Question about 1998 Lincoln Continental

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My lincoln ls v-8,is running hot after i changed the thermostat, & water pump what else could it be

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  • Mark Egan May 11, 2010

    1) Make sure you put the thermostat in correctly (in the right orientation.). 2) Check that the lower radiator hose is not collapsing when the engine is running higher RPM. For a car that old, this could happen. Make sure there is a support spring inside the new hose. 3) What shape is the radiator in, in terms of corrosion?

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Build up in the coolant system a faulty Sensor reporting that the engine is hot when it is not. You can try running a coolant flush through the system to remove that possible problem. If you are basing this overheating problem on coolant being forced out the over flow, do a compression check on the cylinders. If one or more of the cylinders is running extremely high compression you may have a faulty head gasket, cracked head or cracked block.

Posted on Dec 12, 2009

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About the only thing left is the radiator. First, and cheapest, is have your radiator cap checked to ensure it is holding to the pressure spec for your car. It may just be cheaper to repalce the cap.

Check the radiator hoses for leaks or kinks.

The core may be plugged and in need of a flush...

Sometimes it's hard to tell if a radiator has enough flow. Here's a couple of quick tests. Although they're not as good as removing the radiator and flow checking it with a machine at the radiator shop, they can be done on the car and are fairly easy.
FIRST TEST
Feel the radiator fins as the engine warms up. As the thermostat opens, the entire radiator should start to get warm .WATCH OUT FOR THAT FAN!!!!!!!!!!!!!!! If only part of the radiator gets warm, it may be clogged in the cold areas.


SECOND TEST
Remove the radiator cap with the engine cold. Squeeze the top radiator hose to get a "feel" of how it squeezes under zero pressure. When the thermostat opens and you can see the coolant circulate, replace the cap and IMMEDIATELY rev the engine up (3000 RPM or so) while squeezing the top radiator hose. The hose should remain fairly easy to squeeze. With a clogged radiator, you can actually feel the hose "stiffen up" and get hard to squeeze as the engine speed increases.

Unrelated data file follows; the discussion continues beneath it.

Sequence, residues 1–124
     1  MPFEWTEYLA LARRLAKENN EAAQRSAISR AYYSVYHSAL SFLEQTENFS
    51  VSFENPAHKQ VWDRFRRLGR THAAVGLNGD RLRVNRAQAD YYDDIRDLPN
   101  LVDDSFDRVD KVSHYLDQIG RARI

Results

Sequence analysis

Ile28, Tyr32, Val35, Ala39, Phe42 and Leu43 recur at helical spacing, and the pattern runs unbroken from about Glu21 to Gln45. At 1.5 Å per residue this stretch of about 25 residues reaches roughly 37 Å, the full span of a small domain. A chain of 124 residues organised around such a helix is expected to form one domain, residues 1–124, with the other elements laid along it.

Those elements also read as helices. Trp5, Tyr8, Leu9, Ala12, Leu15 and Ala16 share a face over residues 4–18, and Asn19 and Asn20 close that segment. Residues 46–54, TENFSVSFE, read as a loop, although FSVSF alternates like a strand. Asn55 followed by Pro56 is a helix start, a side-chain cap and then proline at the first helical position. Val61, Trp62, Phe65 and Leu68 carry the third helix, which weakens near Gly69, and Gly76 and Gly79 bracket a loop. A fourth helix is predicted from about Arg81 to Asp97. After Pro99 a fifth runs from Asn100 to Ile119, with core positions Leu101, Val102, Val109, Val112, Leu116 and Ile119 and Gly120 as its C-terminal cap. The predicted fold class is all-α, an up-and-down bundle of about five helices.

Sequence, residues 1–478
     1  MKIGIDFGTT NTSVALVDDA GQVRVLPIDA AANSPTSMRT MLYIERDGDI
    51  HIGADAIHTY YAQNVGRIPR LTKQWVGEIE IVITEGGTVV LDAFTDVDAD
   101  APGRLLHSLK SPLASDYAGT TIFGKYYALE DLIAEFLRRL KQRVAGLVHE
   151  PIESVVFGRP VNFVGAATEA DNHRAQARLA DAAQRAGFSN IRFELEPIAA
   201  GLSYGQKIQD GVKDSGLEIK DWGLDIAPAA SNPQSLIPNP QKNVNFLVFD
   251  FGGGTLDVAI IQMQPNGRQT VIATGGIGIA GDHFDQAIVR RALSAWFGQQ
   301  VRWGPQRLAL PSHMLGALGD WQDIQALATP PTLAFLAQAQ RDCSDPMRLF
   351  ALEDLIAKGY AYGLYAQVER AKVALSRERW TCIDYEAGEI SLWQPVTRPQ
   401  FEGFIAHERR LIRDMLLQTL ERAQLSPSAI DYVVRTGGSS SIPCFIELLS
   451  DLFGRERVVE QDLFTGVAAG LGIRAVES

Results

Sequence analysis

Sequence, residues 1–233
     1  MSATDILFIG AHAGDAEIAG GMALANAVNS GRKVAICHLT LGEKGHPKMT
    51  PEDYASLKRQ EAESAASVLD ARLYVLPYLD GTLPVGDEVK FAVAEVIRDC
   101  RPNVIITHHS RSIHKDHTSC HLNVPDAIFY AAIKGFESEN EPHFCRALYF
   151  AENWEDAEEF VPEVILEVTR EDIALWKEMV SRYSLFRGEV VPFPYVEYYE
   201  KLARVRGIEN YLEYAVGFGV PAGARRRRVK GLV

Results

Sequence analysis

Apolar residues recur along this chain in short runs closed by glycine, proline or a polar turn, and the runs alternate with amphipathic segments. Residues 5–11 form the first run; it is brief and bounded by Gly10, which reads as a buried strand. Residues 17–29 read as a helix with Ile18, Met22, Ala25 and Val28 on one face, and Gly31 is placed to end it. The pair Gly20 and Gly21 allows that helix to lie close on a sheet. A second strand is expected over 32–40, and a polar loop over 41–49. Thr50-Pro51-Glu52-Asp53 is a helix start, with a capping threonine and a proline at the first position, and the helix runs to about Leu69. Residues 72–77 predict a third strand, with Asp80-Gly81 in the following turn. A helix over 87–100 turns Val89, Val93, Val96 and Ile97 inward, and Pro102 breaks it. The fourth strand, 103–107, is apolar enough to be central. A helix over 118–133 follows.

HOW TO FLUSH YOUR COOLING SYSTEM
The best flushes are two part: a strong acid and a neutralizer. The one part flushes aren't as strong. The strong flushes get rid of more scale and deposits, but you run the risk of 'eating through" the extremely thin and cheap radiators and heater cores they have today.
Prestone and others make a "backflush adapter" which fits in a heater hose and accepts a garden hose.
No matter how you do it, I'd replace both the top and bottom hoses, bypass and heater hoses, and possibly the thermostat.
When you remove the bottom hose almost all the coolant will drain out of the system. You really shouldn't just dump this coolant: be a little "green" and at least pour it down a drain so the wastewater treatment plant can deal with it before it gets in the groundwater!. The best is to go to your regular mechanic and let him put it in his coolant recycling tank. Mechanics are required by law to have one.
Fill the system with water. If you decide to use flush, add it at this time. Start the engine and let it warm up. It might be necessary to hold your hand over the radiator filler while squeezing the top hose: the thermostat will be closed and may keep the water from circulating. If no water touches the thermostat, it WILL NOT OPEN AND OVER HEAT YOUR VEHICLE!!! I always drill an 1/16 inch hole in the flange of a thermostat to keep it from "air locking" like that: the better thermostats already have a bypass hole for this purpose.
Once it is warm, follow the can directions regarding the flush, if you use it. If you aren't using flush, skip these next few steps.
If iut's a 2 part flush, remove the bottom hose or open the radiator drain **** if it has one. (the drain **** will usually be on the opposite side from the bottom hose inlet on the rad. After it drains, replace the bottom hose and refill the system as outlined above. After it has been refilled, remove the top hose. Get a piece of pipe that fits either over or inside the top hose: this will make this step a lot neater.
Put a hose in the radiator filler and turn it on. Run the engine. Fresh water is being added by you via the radiator, the water in the engine is being pumped out of the top hose. Run water through it until the water exiting the top hose runs clear.
Re-attach the top hose and add the neutralizer, if a 2 part flush. Drain and repeat both of the above steps to remove the neutralizer from the system. If a one part flush, as soon as the water runs clear you are ready for coolant. Drain the system as outlined above.
Reattach all hoses, put in the antifreeze first. Complete the fill with water.

Posted on Dec 12, 2009

  • glenlinc May 07, 2011

    The drill a 1/16in. hole in the thermostat is great advice. Seemingly, Ford service staff do not even know. The other procedure, not mentioned is that you need to "burp" the coolant system. That is done via the metal line adjacent to the plastic overflow...it takes a "star" socket to remove.
    It is a kind of reverse-flow system w/o a rad cap.

    Also, most "drains" take flow to nearest stream/river. Please take to local garage or at least flush down toilet.

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